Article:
Yesterday, I printed some of the responses I have received from people offering encouragement to the 13-year-old girl who dreams of becoming president of the United States. My office has been flooded with terrific messages of support for her, and I am printing more of them today. Read on:
I am a 14-year-old girl writing in response to "I Have a Dream." I was enraged when I read her letter. Tell her to NEVER let the fact that she is female get in her way and to hold her head high. She is an avant-garde thinker ready for the future, surrounded by a bunch of backward, out-of-date idiots.
Eleanor Roosevelt once said, "No one can make you feel inferior without your consent." Be strong, stubborn and positive that you'll get there, and you WILL accomplish your dream. You go, girl!
Enraged Teen Feminist, Rochester, N.Y.
I was taken aback by the fact that "I Have a Dream's" teacher laughed at her when she said she wants to be president of the United States. His inappropriate response was merely a demonstration of his own lack of ability. To say a 13-year-old woman cannot aspire to be president is as absurd as telling Arnold Schwarzenegger, a poor immigrant weightlifter, that he cannot become governor of California.
Author of "Handbook to a Happier Life"
I am 60 years old. When I was her age, a woman had four choices: office worker, wife, nurse, teacher. That was it. My sister was told she couldn't go into computers because that was "a man's job." My daughter is extremely good with computers and uses them at her job in finance, another field that was closed to women in the past.
A woman certainly will be president. A woman has already run a major country. To name a few: Golda Meir, Israel; Indira Gandhi, India; and Margaret Thatcher, England. "I Have a Dream" should run for president of her class and the student council. She should seek office in her town, her state and her country. If she's not elected, she should analyze her defeat and run again. She will succeed.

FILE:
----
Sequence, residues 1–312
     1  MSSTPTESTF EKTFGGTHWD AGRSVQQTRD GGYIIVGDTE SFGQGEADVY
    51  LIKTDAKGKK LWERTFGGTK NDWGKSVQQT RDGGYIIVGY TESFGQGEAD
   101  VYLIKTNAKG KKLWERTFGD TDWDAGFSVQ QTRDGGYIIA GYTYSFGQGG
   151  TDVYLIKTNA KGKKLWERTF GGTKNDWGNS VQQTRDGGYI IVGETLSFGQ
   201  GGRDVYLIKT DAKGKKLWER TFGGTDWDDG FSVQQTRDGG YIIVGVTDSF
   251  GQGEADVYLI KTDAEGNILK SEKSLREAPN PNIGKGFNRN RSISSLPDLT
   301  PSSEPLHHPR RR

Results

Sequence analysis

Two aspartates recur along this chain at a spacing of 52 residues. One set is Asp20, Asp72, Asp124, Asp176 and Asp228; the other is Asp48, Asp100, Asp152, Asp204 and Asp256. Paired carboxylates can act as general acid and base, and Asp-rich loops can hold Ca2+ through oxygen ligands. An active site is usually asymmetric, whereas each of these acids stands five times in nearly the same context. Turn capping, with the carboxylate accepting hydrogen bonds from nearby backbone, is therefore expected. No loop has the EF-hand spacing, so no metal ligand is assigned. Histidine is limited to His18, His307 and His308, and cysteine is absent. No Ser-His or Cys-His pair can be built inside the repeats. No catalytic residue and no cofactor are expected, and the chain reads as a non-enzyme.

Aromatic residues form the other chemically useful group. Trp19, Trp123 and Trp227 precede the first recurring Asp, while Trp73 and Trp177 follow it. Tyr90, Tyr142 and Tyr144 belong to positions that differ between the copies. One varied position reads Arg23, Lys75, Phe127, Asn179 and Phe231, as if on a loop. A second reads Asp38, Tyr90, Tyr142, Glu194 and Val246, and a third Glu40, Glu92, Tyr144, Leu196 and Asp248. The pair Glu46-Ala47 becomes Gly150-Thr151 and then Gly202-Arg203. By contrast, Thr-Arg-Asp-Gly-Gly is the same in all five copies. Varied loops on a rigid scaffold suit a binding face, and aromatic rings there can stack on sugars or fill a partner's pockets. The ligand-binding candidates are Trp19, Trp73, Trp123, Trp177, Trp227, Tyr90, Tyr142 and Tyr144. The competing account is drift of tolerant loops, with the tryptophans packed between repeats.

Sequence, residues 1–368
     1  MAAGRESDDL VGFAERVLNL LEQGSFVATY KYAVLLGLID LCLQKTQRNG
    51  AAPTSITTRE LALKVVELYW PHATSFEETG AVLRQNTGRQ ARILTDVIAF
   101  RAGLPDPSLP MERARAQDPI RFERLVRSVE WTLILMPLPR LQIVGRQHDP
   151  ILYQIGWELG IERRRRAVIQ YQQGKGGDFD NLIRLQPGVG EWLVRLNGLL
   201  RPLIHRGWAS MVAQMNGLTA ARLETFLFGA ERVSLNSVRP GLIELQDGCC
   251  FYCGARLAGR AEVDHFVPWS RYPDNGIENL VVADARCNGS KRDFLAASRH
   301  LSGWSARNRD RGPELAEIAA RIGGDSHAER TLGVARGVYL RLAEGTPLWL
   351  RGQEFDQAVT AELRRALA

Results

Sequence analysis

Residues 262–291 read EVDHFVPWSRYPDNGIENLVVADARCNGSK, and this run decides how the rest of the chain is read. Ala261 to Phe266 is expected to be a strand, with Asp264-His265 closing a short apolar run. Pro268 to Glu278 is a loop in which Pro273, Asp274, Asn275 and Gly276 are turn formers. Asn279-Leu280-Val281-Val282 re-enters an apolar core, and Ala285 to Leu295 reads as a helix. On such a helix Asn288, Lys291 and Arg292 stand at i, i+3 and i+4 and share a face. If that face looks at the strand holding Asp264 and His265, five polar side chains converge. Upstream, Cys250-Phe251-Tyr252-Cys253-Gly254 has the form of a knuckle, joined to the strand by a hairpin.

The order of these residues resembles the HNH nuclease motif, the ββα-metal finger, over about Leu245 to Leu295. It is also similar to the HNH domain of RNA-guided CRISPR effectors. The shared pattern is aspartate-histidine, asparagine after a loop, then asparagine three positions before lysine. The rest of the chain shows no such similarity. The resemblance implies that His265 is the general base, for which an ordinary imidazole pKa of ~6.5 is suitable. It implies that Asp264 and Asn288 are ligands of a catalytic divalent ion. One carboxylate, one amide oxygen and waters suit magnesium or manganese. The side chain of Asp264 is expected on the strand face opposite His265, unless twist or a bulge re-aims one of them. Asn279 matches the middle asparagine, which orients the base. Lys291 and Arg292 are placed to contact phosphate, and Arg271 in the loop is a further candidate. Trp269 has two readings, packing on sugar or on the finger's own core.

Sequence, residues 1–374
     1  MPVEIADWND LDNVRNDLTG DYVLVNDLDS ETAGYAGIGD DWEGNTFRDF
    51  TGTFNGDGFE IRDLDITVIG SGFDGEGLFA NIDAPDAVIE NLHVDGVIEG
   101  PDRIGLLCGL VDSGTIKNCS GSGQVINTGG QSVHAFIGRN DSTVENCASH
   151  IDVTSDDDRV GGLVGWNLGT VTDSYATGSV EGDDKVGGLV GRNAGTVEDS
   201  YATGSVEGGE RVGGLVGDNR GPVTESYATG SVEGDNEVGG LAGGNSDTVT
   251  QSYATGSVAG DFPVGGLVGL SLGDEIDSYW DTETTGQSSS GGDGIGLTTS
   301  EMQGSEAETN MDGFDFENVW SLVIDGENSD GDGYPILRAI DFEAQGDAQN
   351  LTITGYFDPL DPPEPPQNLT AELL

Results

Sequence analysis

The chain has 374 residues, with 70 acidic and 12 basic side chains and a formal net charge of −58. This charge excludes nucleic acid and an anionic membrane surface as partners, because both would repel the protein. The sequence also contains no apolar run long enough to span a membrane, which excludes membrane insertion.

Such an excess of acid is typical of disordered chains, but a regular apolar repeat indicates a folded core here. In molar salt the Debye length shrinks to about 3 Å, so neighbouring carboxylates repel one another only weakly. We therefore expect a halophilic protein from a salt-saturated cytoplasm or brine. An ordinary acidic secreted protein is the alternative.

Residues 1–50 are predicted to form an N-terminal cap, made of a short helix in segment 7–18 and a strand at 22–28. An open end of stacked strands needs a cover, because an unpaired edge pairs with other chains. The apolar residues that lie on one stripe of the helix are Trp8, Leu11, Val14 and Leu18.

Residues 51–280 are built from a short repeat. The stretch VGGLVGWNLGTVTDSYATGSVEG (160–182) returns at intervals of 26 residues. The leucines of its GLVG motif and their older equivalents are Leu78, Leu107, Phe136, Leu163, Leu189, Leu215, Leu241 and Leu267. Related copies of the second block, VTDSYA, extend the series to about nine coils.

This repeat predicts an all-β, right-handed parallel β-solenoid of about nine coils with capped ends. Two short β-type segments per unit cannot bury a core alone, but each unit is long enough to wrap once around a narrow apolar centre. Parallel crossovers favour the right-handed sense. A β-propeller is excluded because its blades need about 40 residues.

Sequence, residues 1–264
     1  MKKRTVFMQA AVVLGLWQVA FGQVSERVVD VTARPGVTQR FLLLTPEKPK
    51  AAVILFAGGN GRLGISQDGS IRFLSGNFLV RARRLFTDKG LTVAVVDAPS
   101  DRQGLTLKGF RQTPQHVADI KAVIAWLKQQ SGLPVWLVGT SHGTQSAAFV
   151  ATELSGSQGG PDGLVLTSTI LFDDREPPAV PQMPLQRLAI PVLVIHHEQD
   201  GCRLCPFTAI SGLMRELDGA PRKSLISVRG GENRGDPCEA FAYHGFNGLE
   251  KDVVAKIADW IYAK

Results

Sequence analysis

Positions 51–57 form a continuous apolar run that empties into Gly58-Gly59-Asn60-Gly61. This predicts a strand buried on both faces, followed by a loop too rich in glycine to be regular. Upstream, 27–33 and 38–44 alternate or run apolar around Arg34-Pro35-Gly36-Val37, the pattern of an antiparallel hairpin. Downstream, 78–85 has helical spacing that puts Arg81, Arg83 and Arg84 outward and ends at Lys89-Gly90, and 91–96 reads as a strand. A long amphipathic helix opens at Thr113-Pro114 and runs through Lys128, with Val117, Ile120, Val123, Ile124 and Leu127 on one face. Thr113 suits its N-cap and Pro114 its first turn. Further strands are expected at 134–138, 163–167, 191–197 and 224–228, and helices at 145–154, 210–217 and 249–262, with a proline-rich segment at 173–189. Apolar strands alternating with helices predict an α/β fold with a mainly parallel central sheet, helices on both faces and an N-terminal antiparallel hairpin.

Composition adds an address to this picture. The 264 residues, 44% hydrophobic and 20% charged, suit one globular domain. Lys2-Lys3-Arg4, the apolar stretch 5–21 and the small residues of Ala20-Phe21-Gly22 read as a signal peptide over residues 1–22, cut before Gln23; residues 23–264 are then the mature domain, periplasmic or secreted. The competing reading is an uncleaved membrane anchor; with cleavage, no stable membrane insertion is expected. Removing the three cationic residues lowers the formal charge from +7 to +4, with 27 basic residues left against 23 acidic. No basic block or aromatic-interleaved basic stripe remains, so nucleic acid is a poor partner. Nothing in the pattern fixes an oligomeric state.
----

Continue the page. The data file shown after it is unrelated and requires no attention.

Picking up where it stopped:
Carolyn Augustine, Lakewood, Wash.
I am an over-40 member of the U.S. military. That young girl should hold her head high and use either national security adviser Condoleezza Rice or Sen. Hillary Clinton as examples of women who could easily be their party's candidates for president in four years. In America, anyone can dream of being president.
Lt. Col. Jeffrey A. Thompson
Midwest City, Okla.
My daughter expressed the desire to be president in second grade; no one laughed. She was her high school class valedictorian and is graduating from a difficult engineering college "magna cum laude." She had a full military scholarship, so she'll be commissioned as an officer to serve for the next five years. I have faith that she could become a great president one day. I will never discourage her. The teacher who laughed at "I Have a Dream" should be fired, and the tormenting students should be punished.
Proud Mom in Bedford, N.H.
I'm sure that part of your daughter's success is because she was lucky enough to have parents who encouraged and supported her. My congratulations to your daughter, and to you.
Dear Abby is written by Abigail Van Buren, also known as Jeanne Phillips, and was founded by her mother, Pauline Phillips. Write Dear Abby at www.DearAbby.com or P.O. Box 69440, Los Angeles, Calif. 90069.
(c)2004, Universal Press Syndicate